Just think what you would do if you got an email telling you that within 60 seconds the earth will shake under your feet. That’s what happened in Japan before a 9.0 magnitude earthquake hit northeastern Japan on March 11, followed by a 33-foot wall of water.

It’s not a lot of time to react. The town of Kesennune, Japan disappeared six seconds after the tsunami hit. Following the initial quake, Japan suffered more than 300 aftershocks, release of radiation into the atmosphere from its nuclear power plants and a volcanic eruption. 

The economic destruction to Japan is wide and deep. An estimated 10,000 people died.  Businesses large and small were closed, supply chains disrupted and employees dead or homeless.

Japan’s nuclear and oil operations have suffered tremendous damage. Electricity was being rationed. Toyota, Honda, Nissan, Sony, Cannon and Panasonic and other corporate giants suspended operations. Roads, bridges, ports, trains, airports, utilities and communications networks were badly damaged. 

The impact on the global economy is notable. Equity markets immediately plummeted, reacting to the daily anxiety of the disaster and damage to Japan’s nuclear plants. Businesses around the world will see critical supply chains cut-off for the foreseeable future. No one knows when life will return to normal.

Estimates of the economic cost of the earthquake, change daily and wildly. AIR Worldwide estimated economic losses to exceed $100 billion. Others said the cost will go as high as $150 billion. Eqecat estimated property damage at $20 billion, including extensive residential and commercial property damage, restoration of infrastructure and damage to the nuclear power plants. Insured losses are estimated between $20 billion and $35 billion. With the tsunami that number could rise to $60 billion—more than all of the $37 billion insured losses for natural catastrophes in 2010.

What impact the event will have on the market is also a guessing game. Analysts say much of the burden for paying for insured losses will fall on the local market and Japan’s state-backed earthquake insurer. About 30% of the expected $60 billion of losses on commercial and specialist risk lines will be covered by earthquake insurance, according to Jeffries International. Some of that will be insured in the international markets. Bermuda and London markets are more at risk from marine or specialty lines risks.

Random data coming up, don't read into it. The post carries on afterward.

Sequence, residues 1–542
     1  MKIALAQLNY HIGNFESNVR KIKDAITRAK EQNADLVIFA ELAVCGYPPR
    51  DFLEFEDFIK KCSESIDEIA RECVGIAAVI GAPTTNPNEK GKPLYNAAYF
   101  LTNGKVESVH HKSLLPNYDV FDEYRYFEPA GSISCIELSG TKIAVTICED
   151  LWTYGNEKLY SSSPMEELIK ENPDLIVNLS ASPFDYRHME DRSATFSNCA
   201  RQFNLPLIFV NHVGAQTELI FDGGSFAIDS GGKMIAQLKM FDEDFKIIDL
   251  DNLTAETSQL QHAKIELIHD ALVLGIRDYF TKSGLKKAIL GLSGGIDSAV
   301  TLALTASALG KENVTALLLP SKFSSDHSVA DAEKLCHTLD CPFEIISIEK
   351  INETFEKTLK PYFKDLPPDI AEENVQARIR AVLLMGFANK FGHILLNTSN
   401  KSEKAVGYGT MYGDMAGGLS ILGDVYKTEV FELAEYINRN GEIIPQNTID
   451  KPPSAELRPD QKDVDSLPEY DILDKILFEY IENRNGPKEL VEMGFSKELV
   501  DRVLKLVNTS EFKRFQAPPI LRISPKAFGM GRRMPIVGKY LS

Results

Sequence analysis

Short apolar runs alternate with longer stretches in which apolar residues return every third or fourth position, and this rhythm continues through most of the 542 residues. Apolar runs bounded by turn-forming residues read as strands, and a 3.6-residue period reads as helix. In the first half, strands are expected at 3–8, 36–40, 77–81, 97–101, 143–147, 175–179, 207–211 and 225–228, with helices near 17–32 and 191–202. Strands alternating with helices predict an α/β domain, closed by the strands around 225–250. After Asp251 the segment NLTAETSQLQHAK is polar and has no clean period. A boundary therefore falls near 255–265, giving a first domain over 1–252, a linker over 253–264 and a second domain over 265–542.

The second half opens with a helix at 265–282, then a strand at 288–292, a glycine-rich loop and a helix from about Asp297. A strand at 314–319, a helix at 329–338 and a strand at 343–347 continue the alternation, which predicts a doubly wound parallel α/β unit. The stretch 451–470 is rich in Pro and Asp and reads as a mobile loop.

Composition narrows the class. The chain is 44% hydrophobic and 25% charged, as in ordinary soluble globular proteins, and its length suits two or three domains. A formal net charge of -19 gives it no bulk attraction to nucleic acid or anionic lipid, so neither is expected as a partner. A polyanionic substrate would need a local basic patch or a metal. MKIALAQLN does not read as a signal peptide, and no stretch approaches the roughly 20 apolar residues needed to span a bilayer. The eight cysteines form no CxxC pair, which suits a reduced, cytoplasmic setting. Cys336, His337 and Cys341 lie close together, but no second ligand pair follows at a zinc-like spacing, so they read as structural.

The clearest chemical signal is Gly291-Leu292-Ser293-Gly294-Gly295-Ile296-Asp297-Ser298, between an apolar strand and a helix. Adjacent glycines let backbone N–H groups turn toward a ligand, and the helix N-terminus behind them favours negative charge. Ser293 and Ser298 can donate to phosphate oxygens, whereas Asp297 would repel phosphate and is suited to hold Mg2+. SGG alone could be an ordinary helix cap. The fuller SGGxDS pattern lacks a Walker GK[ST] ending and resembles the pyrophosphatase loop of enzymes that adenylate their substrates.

Moody’s warned of heavy insurance losses for insurance and reinsurance markets in Japan and in the international market.

“This will in turn result in negative credit implications for the two sectors,” Moody’s said.

Those most affected in addition to the local market and the Japan Earthquake Reinsurance Co., include international insurers, global reinsurers, Lloyd’s of London, retrocessional reinsurers and catastrophe bonds.

A spokeswoman with Hanover Re said the disaster “will turn the prices in Japan” and “could also have implications on worldwide capacity and spring a market change.” A reinsurance broker with Holborn Corp. in New York said the single event would not deplete reinsurers’ capacity, but every one of them would lose money in 2011.

The New Zealand earthquake has already put Swiss Re over its yearly $1 billion catastrophe and large claim budget.  Munich Re said it expects losses from the Christchurch quake to reach more than $1 billion. 

As the mayhem continues to unfold, we are reminded that natural disasters take place around the world and the take their toll—in lives and dollars. A total of 950 natural catastrophes were recorded in 2010, nine-tenths of which were weather-related events such as storms and floods. This total makes 2010 the year with the second-highest number of natural catastrophes since 1980, according to Munich Re.  Just wait for 2011 numbers to be tallied.

Natural disasters are not predictable.  As the 9/11 Commission noted “Preparedness is not a luxury. It is a cost of doing business.”  

When emergencies do occur, the experience and expertise of brokers is critical. The impact of a natural disaster can last for days, months or even years. Taking quick action to respond may mean the difference between a business’ survival or failure. U.S. government statistics show that 40% of small to medium businesses never reopen after a disaster and 25% fail within two years.  A total of 83% of the corporate 1,000 companies hit by a disaster lose 20% to 30% of their value in a five-year period.

Brokers can help clients put a sound disaster plan in place that tells people what to do and where to go in an emergency. They can advise clients on performing corporate due diligence to identify risks and mitigate losses to property and people. Brokers can assist clients in filing claims and outlining steps to take to get back up and running. A wealth of information to help clients plan and recover from a disaster can be found on the U.S. Federal Emergency Management Administration website at www.fema.gov/business.

In the past year, three of the four quadrants along the fault lines that border the Pacific Ocean have been hit by massive earthquakes. Only one remains undisturbed and experts predict a massive earthquake there within a quarter century. That area is the U.S. West Coast. A massive quake there would likely be more costly than all of the others.